Eraser does not wipe the recycle bin


New Member
I am wiping files with Eraser regularly for a long time now, but few days ago I found that it is not really wiping the recycle bin!

I copied a file to the root of a new empty logical volume in the (magnetic) hard disk, then I deleted it (it went to the recycle bin); next I wiped the recycle bin with Eraser “6.0.8” and it showed as empty.

To verify if the volume had something recoverable I used “Recuva 1.26” (from Piriform) and, to my surprise, the deleted and wiped file was there, intact and ready to be recovered. I indeed recovered it to another volume and compared it to the original from I copied in the first place and both were identical! As it was an executable it was also fully functional!

I faced that problem originally with Eraser “6.0.6” and it does no difference if the file is in a folder, instead the root. Also, I set the “plausible deniability” but it had no effect (no file was copied over the one to wipe).

Eraser “5.86a” (very old indeed) does not present that problem and wipes the recycle bin as expected (file content and file name).

My Windows is XP SP3 (Brazilian Portuguese) and my user is the only one defined at the system (and is also the administrator).

Can that problem be caused by a “Net Framework” restriction? (what can I do to solve it?)
What may have happened happened is that Recuva found a shadow copy. Those are, as far as I know, not moved to the Recycle Bin when a normal delete is done, and so they are not deleted when the Recycle Bin is erased. This 'safety' feature of the NTFS file system is not good for security! I recommend disabling shadow copies on all drives, only using System Restore (of which shadow copying is a feature) on the system (C:) drive, and regularly deleting old restore points, so that they get overwritten when you erase free space.

If you had erased the file, rather than moved it to the Recycle Bin, it would not be recoverable. Please test that (and use Recuva to test the erase, which is the best form of test). If that does not work, there should be an entry in the log for the task, showing the error condition.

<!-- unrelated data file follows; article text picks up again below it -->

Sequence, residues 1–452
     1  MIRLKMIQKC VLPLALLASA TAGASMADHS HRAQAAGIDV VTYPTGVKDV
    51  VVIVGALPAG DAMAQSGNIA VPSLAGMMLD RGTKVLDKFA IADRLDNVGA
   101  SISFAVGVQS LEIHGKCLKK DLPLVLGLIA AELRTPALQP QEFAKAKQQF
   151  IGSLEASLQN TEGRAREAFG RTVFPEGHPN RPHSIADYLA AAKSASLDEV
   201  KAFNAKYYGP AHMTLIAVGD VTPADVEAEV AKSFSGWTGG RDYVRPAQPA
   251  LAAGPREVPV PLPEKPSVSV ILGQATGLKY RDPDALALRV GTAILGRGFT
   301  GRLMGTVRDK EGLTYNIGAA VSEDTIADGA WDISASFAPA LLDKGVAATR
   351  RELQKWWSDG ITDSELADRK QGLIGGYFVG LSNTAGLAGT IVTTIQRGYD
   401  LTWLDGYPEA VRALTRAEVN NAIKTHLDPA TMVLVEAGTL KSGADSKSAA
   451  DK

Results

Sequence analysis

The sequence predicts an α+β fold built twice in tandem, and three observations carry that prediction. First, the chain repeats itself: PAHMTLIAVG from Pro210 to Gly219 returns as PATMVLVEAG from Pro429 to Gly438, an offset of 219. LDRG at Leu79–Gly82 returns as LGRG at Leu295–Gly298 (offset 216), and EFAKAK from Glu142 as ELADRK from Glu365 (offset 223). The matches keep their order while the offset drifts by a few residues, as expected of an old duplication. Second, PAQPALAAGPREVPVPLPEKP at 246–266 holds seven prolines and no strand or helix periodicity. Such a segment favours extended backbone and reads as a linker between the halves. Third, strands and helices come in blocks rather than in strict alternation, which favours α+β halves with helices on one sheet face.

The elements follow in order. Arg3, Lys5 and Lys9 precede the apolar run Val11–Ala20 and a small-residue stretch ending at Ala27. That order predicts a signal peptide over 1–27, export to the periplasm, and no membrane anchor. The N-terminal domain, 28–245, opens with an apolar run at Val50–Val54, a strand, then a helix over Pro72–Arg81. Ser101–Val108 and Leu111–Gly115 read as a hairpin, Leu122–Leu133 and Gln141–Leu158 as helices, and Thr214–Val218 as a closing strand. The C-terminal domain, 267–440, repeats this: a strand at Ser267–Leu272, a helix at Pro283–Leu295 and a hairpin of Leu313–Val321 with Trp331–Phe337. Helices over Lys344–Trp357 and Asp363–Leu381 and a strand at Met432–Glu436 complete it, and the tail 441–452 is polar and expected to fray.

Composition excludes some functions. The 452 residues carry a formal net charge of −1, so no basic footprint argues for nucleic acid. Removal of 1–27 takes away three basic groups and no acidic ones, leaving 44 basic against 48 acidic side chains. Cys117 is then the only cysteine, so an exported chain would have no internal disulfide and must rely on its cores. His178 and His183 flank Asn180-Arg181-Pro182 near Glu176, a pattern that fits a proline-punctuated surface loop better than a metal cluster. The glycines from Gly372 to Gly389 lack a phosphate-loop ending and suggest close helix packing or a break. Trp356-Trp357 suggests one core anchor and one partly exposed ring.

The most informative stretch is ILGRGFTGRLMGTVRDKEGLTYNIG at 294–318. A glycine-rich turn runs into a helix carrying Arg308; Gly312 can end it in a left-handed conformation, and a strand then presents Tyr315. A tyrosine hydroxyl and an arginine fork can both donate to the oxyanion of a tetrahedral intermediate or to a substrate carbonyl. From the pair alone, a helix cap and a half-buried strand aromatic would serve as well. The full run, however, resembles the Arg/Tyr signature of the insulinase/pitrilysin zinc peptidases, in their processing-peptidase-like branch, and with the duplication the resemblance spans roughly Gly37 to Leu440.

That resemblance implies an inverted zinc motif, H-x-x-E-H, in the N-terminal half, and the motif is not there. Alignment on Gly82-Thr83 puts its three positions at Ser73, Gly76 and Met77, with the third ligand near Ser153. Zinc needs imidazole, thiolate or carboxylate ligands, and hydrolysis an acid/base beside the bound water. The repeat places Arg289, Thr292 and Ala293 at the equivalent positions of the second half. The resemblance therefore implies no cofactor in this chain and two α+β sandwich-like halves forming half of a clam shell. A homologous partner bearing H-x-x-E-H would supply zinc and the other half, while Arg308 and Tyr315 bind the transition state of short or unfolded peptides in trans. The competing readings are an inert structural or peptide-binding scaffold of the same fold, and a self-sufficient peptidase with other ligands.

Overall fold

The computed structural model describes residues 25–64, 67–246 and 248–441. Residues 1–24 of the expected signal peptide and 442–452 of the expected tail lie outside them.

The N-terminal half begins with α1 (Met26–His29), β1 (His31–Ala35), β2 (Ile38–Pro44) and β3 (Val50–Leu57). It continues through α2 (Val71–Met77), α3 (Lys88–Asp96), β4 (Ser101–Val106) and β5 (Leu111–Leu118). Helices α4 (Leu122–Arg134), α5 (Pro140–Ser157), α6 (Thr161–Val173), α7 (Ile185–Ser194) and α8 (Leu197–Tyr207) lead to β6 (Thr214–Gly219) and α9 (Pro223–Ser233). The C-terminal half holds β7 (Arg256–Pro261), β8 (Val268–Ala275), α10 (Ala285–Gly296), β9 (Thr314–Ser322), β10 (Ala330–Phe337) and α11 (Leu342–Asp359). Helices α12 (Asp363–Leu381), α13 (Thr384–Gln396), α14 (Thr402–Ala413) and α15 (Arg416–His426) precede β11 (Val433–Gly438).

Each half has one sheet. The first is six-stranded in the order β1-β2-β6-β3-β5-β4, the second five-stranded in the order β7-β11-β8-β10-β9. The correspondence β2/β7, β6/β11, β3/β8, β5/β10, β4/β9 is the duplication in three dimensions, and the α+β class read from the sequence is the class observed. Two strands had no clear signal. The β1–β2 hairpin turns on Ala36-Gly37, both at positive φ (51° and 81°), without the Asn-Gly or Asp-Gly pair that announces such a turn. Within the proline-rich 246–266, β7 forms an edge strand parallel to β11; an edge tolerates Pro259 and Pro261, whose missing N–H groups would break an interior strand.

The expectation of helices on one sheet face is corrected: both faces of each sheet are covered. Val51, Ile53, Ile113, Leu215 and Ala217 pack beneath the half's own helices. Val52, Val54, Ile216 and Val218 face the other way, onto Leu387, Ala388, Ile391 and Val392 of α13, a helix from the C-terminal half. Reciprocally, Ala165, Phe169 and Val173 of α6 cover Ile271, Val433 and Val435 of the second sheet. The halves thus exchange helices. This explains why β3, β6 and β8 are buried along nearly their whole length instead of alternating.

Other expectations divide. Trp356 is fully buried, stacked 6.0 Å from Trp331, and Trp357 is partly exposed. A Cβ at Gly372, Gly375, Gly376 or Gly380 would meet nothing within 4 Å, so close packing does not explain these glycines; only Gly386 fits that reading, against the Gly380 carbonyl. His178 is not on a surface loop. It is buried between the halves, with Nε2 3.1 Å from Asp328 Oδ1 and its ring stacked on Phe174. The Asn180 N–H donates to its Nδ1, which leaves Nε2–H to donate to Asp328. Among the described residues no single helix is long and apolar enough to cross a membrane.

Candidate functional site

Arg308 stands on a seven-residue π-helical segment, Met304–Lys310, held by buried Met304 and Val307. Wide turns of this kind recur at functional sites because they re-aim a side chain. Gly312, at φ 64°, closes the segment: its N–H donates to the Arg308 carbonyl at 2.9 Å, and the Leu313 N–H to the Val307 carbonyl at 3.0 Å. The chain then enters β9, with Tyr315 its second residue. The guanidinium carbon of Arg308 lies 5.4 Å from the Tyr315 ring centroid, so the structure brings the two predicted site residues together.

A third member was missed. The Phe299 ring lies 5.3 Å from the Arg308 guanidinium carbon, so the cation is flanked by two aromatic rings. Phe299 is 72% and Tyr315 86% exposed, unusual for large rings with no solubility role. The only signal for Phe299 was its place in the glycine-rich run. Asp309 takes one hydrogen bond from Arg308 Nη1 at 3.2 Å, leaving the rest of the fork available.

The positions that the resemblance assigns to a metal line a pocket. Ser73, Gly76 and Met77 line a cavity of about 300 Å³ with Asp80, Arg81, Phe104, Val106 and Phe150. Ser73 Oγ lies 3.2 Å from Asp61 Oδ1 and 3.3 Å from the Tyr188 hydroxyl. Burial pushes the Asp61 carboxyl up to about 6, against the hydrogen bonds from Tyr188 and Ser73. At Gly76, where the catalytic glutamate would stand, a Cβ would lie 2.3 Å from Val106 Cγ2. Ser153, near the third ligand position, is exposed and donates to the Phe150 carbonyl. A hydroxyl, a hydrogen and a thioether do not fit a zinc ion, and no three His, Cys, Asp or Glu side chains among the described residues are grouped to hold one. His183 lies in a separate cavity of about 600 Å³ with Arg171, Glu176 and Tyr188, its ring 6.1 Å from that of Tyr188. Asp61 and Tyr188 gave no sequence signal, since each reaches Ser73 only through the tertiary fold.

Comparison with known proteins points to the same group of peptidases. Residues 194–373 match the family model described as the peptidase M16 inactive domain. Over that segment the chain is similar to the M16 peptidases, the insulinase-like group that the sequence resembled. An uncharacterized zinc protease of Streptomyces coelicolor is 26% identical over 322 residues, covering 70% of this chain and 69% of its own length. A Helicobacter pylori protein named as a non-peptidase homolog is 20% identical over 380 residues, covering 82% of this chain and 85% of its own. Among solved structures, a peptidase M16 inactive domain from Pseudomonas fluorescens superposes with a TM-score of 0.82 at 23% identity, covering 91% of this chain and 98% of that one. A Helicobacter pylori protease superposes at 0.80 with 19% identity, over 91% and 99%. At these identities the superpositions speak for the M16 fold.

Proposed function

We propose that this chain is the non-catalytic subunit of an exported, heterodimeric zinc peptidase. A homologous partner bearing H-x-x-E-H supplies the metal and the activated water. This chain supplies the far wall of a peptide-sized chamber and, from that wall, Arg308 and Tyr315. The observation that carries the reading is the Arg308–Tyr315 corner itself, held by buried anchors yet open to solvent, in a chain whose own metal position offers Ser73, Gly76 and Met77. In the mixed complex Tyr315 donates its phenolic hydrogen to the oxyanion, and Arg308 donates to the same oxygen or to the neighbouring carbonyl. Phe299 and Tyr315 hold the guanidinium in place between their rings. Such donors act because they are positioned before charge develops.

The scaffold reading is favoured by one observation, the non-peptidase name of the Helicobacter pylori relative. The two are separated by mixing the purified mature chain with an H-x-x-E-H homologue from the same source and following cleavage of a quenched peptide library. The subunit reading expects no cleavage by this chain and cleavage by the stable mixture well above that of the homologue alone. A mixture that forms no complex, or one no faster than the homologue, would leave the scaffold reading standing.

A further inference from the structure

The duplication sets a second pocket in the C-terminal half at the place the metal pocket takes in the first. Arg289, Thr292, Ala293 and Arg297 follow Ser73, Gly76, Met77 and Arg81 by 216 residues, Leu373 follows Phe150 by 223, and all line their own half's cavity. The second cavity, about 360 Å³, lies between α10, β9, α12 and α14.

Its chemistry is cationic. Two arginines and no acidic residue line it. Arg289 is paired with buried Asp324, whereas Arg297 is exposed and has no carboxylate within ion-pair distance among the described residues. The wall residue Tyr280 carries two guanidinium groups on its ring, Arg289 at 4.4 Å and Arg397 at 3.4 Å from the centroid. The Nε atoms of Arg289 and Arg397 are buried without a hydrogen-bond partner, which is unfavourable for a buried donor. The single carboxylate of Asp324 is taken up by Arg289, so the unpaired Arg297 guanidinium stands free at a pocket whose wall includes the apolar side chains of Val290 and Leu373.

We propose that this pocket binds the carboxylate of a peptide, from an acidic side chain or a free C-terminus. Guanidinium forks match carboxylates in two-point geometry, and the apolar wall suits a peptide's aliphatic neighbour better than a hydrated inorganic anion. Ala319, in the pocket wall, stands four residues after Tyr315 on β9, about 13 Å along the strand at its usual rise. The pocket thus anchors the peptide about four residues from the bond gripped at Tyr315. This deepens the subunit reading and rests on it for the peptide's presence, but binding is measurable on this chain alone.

Following your recommendation, first of all I verified the system, but the volume where I found the problem did not have shadowing activated already.

Than I made some testing with the volume formatted as NTFS (I see now that I forgot to say that the problem was with FAT32; sorry for the inconvenience). With NTFS Eraser 6.0.8 acts as expected either directly on the file or on the recycle bin.

Going back to FAT32, your recommendation to do a direct erase of a file does the job as expected.

So, the conclusion, for now at least, is to wipe files directly whenever possible and/or use NTFS instead of FAT32 (one more reason to do so) and avoid shadowing also.

Thanks for the quick help!
This may be a problem. Eraser should be able to handle FAT32 just fine. How did you format the drive? What is the cluster size of the drive? Did you need to do a deep file system scan for Recuva to find the deleted file?
First of all, sorry for the late answer, I was out of town.

I used the regular Windows format to prepare the FAT32 volume for testing (my computer / explorer / right click in the volume / format); that volume has 8,29 GB and I selected FAT32 so the wizard shows only “default allocation size” (is that 8 K clusters?); selecting or not a quick erase does no difference on the results.

Recuva finds the “deleted” file with a normal scan; you don’t need to do a deep scan.

If you test Eraser (copy + delete + wipe the recycle bin) just after the format, you will find that two hidden files (desktop.ini and INFO2), created by Windows to operate the recycle bin, overwrote the object file so all seems to be ok (the object file is unrecoverable). That happens because the object file, in this particular situation, was put in the very beginning of the empty volume and its clusters were marked as free when it was deleted (to the recycle bin) making possible the overwrite. But if you do the testing with the object file put after the “internal” files you can see that it is possible to recover the content.
Apologies for the late reply.

I'm trying to reproduce the problem here, but I'm having difficulties getting Windows to create a recycle bin on my drive. Let me try to recreate your scenario before commenting further.